Newspaper article The Topeka Capital-Journal

A GOP Abortion Bill Shouldn't Resemble a 'War on Women'

Newspaper article The Topeka Capital-Journal

A GOP Abortion Bill Shouldn't Resemble a 'War on Women'

Article excerpt

As thousands descended on Washington, D.C., last week for the annual "March for Life," the Republican House of Representatives was busy watering down an anti-abortion bill that restricted abortions after 20 weeks, except in cases of rape or incest, with exemptions allowed only after a police report had been filed. This after a small group of moderate Republican female lawmakers challenged the bill and lobbied for a less restrictive measure.

Politics wins. Life loses.

It seems these moderate Republicans, fearing the bill could revive the Democrats' phony "War on Women" mantra, erred on the side of expedience so as not to, as the Washington Post writes, "...expose Republicans in swing districts to a barrage of attack ads in 2016 from women's rights groups and Democrats."

The symbolism behind such a bill on the 42nd anniversary of the Supreme Court's Roe vs. Wade decision is understandable, but if Republicans are serious about advancing protection for the unborn in the age of Obamacare, they will adopt a different strategy. They might start by looking back 50 years to the civil rights movement.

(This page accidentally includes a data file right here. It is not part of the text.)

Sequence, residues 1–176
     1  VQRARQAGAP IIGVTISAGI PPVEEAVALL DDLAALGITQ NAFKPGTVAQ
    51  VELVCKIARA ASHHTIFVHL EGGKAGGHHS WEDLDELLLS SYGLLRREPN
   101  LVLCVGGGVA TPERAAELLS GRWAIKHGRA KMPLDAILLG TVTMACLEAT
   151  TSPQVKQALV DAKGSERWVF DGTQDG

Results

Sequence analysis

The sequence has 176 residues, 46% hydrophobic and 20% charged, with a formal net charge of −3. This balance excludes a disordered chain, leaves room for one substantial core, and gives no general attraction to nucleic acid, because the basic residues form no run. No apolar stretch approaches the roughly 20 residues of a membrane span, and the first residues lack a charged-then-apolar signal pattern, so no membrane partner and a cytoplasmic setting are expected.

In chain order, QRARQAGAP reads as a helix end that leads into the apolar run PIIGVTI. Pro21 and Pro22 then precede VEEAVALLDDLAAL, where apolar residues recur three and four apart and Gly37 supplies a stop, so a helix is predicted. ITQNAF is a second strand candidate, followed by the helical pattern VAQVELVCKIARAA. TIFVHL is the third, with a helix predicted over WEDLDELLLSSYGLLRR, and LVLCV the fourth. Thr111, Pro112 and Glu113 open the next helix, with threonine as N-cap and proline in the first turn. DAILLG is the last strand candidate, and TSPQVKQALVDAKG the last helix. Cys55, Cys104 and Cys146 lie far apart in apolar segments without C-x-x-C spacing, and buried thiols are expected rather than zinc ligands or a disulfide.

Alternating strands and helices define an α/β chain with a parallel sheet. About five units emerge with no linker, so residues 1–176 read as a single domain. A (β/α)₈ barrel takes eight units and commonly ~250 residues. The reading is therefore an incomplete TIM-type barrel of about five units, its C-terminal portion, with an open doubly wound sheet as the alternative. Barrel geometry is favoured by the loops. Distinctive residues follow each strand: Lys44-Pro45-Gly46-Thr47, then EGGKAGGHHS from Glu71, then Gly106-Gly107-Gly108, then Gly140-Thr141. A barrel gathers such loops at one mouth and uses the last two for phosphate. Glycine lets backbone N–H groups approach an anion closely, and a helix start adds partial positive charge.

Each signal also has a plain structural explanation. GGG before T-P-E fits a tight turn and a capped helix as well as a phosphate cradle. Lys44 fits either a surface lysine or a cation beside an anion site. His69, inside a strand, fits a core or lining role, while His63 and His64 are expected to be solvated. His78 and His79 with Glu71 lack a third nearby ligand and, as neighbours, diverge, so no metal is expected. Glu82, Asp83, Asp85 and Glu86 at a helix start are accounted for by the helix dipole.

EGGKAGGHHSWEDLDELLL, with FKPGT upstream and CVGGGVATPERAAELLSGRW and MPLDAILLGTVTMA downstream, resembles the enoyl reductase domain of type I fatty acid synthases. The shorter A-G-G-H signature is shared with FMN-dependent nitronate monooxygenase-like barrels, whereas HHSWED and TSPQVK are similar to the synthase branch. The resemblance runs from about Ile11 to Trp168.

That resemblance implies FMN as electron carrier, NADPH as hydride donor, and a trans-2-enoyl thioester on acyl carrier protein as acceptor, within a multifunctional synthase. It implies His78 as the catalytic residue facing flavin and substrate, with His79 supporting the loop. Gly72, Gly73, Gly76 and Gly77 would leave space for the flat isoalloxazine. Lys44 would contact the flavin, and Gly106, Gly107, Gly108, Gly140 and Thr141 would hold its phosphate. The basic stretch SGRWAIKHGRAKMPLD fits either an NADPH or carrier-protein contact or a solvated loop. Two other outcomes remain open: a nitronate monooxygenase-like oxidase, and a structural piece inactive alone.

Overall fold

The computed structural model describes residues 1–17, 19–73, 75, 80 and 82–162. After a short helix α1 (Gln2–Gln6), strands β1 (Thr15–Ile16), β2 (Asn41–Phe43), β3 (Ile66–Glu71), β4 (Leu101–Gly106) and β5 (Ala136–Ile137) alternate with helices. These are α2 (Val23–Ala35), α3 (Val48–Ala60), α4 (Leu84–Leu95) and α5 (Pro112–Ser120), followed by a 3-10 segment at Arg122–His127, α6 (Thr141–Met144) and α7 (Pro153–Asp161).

People who are old enough to remember, or have seen the film "Selma," recall how pictures and personal stories helped move the hearts and change the minds of many Americans in support of civil rights legislation.

As Black History Month begins next week, the Republican Congress should hold a series of hearings on the impact the elimination of 55 million unborn lives has had on our culture. They can begin with testimony from black women and black men like J. Kenneth Blackwell, a former Ohio secretary of state and currently a policy board member of the American Civil Rights Union.

In a recent column for The Washington Times, Blackwell cited figures from the Centers for Disease Control and Prevention (CDC) and wrote: "black women continue to have the highest abortion rate of any ethnic group, with a gruesome 483 abortions for every 1,000 births. …

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